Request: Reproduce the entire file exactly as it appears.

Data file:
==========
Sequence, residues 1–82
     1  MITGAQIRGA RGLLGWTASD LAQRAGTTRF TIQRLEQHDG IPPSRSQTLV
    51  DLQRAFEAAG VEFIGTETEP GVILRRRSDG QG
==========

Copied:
Sequence, residues 1–82
     1  MITGAQIRGA RGLLGWTASD LAQRAGTTRF TIQRLEQHDG IPPSRSQTLV
    51  DLQRAFEAAG VEFIGTETEP GVILRRRSDG QG